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The existential crisis of Zim’s national identity

The dream of an inclusive and egalitarian society began to pale in the face of corruption, political polarisation and an ever-widening wealth gap.

"THE ultimate measure of a man is not where he stands in moments of comfort and convenience, but where he stands at times of challenge and controversy.” — Martin Luther King Jr

These profound words resonate deeply within the hearts of Zimbabweans, as we find ourselves grappling with an existential crisis that strikes at the very core of our national identity.

Throughout our rich history, we have fought against colonialism, struggled for independence, and yearned for a future defined by justice and equality.

Yet, today, we must confront the painful reality that our collective vision of a united Zimbabwe is threatened by divisions, inequality and a loss of purpose.

To understand the crisis we face, we must first reflect on the historical context that has shaped our nation. Zimbabwe’s journey towards independence was fraught with bloodshed, sacrifice and the tireless efforts of social justice activists who dared to dream of a country where all citizens could thrive, regardless of race, ethnicity, or social standing.

The struggle against white minority rule, led by figures such as Joshua Mqabuko Nkomo and Robert Gabriel Mugabe, birthed a collective identity that transcended the boundaries of tribe and language. It was a powerful vision of a diverse nation united in the pursuit of equality and prosperity. But as the years rolled by, cracks began to appear in the foundation of this national identity, eroding the very essence of our shared purpose.

Post-independence, Zimbabwe faced myriad challenges — economic, political and social. The dream of an inclusive and egalitarian society began to pale in the face of corruption, political polarisation and an ever-widening wealth gap.

The promises of equality and justice that reverberated through the airwaves during our liberation struggle seemed to drift away like the morning mist, leaving behind a disillusioned and divided citizenry.

At the heart of our existential crisis lies the question of who we truly are as Zimbabweans. Are we a nation bound by a common purpose, striving for the betterment of all citizens, regardless of their social, economic, or political standing? Or have we allowed ourselves to be consumed by factionalism, tribalism and the pursuit of personal gain at the expense of the collective good?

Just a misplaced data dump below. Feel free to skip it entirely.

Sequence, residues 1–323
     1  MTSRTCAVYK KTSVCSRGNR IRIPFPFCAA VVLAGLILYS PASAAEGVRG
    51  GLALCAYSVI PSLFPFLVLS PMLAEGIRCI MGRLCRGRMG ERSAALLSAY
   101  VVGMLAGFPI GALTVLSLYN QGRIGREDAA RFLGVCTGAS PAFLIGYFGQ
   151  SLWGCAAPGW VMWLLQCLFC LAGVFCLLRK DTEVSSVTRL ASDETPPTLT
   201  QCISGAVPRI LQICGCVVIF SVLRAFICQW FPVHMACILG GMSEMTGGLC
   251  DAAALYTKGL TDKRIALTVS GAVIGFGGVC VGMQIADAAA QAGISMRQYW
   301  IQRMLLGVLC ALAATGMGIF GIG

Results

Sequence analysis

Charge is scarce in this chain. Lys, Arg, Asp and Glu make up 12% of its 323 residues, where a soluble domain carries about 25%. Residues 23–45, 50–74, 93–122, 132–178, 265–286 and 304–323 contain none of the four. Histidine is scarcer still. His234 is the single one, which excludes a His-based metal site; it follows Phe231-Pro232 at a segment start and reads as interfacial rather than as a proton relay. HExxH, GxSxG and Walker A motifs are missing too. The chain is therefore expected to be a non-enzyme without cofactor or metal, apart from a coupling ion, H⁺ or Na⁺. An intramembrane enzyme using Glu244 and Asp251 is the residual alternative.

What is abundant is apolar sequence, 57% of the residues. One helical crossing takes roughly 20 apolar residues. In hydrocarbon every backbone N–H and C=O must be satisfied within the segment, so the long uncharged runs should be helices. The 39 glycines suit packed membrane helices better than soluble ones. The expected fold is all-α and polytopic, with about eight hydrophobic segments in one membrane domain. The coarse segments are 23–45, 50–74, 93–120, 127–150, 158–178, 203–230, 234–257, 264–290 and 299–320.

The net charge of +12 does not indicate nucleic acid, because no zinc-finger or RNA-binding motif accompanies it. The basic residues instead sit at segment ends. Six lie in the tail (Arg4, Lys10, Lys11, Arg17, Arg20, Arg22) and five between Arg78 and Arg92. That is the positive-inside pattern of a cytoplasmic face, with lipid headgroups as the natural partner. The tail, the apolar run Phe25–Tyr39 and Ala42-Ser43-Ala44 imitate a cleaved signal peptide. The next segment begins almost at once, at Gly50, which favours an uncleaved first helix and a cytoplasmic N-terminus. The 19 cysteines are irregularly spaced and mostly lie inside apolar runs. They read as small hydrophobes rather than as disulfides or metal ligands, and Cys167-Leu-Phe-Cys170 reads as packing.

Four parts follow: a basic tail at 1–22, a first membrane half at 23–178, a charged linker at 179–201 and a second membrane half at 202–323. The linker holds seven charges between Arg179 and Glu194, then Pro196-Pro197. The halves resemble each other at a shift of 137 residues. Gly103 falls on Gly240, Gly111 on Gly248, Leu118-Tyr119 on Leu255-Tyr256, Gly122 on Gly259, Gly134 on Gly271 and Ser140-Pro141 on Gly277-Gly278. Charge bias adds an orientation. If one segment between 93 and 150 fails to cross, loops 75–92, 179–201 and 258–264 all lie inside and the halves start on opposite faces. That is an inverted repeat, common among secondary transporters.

The scars of our past cannot be ignored. The Gukurahundi massacres, the chaotic land reform programme and the erosion of democratic freedoms have left deep wounds that continue to fester.

These wounds have heightened ethnic tensions, widened social divisions and sowed seeds of mistrust among our people.

Zimbabwe’s national identity is at a critical crossroad. We must confront our troubled past with honesty and humility, acknowledging the wrongs committed, and seeking reconciliation and healing.

This journey will be painful, as wounds that have been left unattended for far too long are finally brought into the light. However, it is through this process of self-reflection and truth-telling that we can forge a new identity anchored in justice, inclusivity and unity.

To overcome our existential crisis, we must address the glaring inequalities that persist within our society. It is a painful reality that many Zimbabweans continue to grapple with poverty, unemployment and lack of access to basic services.

The dream of an equitable society, where every citizen has an equal opportunity to succeed, has been shattered for far too many of our people.

We must also confront the demon of corruption that has plagued our nation for a long time. The pervasiveness of corruption not only undermines our institutions but also perpetuates a culture of moral decay and distrust.

To reclaim our national identity, we must hold those in power accountable and demand transparency in decision-making processes. Only then can we restore faith in our government and rebuild a society based on integrity and social justice.

But perhaps the most crucial aspect of overcoming our existential crisis is fostering a genuine spirit of inclusivity and respect for diversity.

Our national identity cannot thrive if it does not embrace the richness of our various cultures, languages and traditions.

We must move beyond tribal divisions and tribalism, recognising that our differences are a source of strength rather than a cause for division. It is in this spirit of unity that we can build a Zimbabwe where all voices are heard and all citizens feel valued.

As a social justice activist, I am no stranger to the challenges we face as a nation. I have witnessed the pain of the disenfranchised, fought alongside my fellow activists for a more just society and dreamed of a Zimbabwe that lives up to its full potential.

But I am also filled with hope, for in the darkest moments, the flickering flame of unity and resilience burns bright within our people.

Let us harness that flame, my fellow Zimbabweans, and embark on a collective journey towards a renewed national identity. Let us rekindle the spirit of justice, equality, and compassion that once ignited the hearts of our ancestors. It will not be an easy path, but it is one that we must walk with determination and unwavering commitment.

Our existential crisis is an opportunity for reflection, growth and transformation. Let us rise to the occasion, standing tall in times of challenge and controversy, just as Martin Luther King Jr implored everyone to do. Together, let us rebuild our beloved Zimbabwe, forging an identity that reflects the true essence of our collective dreams and aspirations. - Kumbirai Thierry Nhamo

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